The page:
Bobby McFerrin is a tremendous presence. Calling him a “walking instrument” is inaccurate because he is definitely more than one. While singing, he taps both his microphone with his right pinky and drums his chest with his left palm for percussion – to accompany what seems like sometimes two simultaneous vocals from his mouth, a trick that I’ve also seen Wang Li Hom do (though it is still voodoo to me). Continue reading “Bobby McFerrin Concert”→
I read a damn good article about a week ago titled The Illustrated President from Harper’s Magazine. The subject is the following painting:
Cliff’s Notes: Our eminent president is moved by the above painting of a fearless missionary determined to uphold American values in the Godless West. He takes the painting’s heroic name, A Charge to Keep, for his autobiography. A little research tells us that the painting was an illustration for a short story depicting a horse thief running away from his persecutors, blessed with the caption “Had His Start Been Fifteen Minutes Longer He Would Not Have Been Caught.” Scott Horton ends his bitter analysis of President Bush with:
So Bush’s inspiring, proselytizing Methodist is in fact a horse thief fleeing from a lynch mob. It seems a fitting marker for the Bush presidency. Bush has consistently exhibited what psychologists call the “Tolstoy syndrome.” That is, he is completely convinced he knows what things are, so he shuts down all avenues of inquiry about them and disregards the information that is offered to him. This is the hallmark of a tragically bad executive. But in this case, it couldn’t be more precious. The president of the United States has identified closely with a man he sees as a mythic, heroic figure. In fact that man is a wily criminal one step out in front of justice. It perfectly reflects Bush the man . . . and Bush the president.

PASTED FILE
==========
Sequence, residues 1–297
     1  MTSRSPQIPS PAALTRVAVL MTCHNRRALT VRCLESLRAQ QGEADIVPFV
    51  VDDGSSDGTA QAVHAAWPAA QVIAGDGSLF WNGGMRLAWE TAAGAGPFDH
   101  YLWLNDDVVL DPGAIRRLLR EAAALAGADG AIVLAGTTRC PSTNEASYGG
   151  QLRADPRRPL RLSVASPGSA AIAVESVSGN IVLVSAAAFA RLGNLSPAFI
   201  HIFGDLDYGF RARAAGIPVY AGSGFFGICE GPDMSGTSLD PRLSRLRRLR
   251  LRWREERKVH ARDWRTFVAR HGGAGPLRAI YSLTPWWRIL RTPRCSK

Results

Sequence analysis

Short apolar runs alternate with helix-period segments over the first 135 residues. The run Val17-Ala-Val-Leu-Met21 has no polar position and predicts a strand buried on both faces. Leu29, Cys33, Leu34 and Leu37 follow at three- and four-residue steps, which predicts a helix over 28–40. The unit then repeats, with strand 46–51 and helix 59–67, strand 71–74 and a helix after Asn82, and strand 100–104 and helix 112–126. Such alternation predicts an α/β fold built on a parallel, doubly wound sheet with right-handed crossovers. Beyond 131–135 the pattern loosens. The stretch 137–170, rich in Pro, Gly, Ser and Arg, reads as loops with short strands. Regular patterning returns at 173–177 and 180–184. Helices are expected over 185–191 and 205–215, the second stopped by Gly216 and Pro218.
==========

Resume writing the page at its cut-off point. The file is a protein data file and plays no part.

It’s a delightfully safe fad to poke fun at Bush. However, after I laughed, I thought about the painting a little more seriously and began to wonder if I really should be laughing at myself for all of my similarities to the President. Continue reading “I’m not too Different from George Bush”→
I’ve always enjoyed teaching – I taught 4 out of my 6 semesters in college out of my kind heart (the pay was negligible, but enough to pay for textbooks and a couple of meals at the cafe). Grading was a pain in the ass and most people don’t come to sections (except during exam reviews the room magically fills up), but even the zen experience of showing up to teach the weekly section for 3 or 4 heads cleansed my soul. Occasionally, I form a really nice connection with a couple of students – and I see the click of knowledge. Knowledge is one of the few precious resources we have that does not follow a conservation law, so I wanted to exploit this as much as possible. I would trade grading 5 problem sets for each spark of insight I see someone gain, since I knew how clear the whole world looked when I would have one of those sparks.
A turkey is not necessarily just a bird, like in the above beautiful drawing. It can be an annoying person, an ineffectual investment, or a failed event. My Turkey Day was then actually a turkey, since I failed to sync my plans and transportation effectively this year and ended up staying home. If all plans worked out correctly, I would have happily gone back, invited myself (and everyone else, haha) to J’s, and have yet another 5-hour-session of vegging with the crew from high school. As an adult now, sometimes these outings are still all I wish to do on a weekend.
I was probably transgressing some New York law by calling people to hang out right before a Mets game. By the time I realized this, which was 3 phone calls later, I was already on the train into the most proud city of the world for basically the first time (*). I took a long nap to Imogen Heap, whose music seems oddly fitting for any occasion, and woke up right at Grand Central, ready to rock.
Manhattan people sweep through the streets, as if in unison, although each one is actually keenly aware of his or her own sphere of New York Personal Space. You Do Not mess with New York Personal Space. I saw a photographer try to take a snapshot of a lady’s dog, only to be spat upon with a lesson about rights and liberty and privacy in the United States (the photographer was audibly European). I learned my lesson and decided to avoid angry, busy-looking people, which unfortunately seemed to include everybody. People were always going somewhere, and made it clear that if you talked to them they would punch you. This was a slanted contrast with Tokyo, where people were also always going somewhere, but only made it clear that if you talked to them they would avoid you. Continue reading “New York – 9/25 weekend”→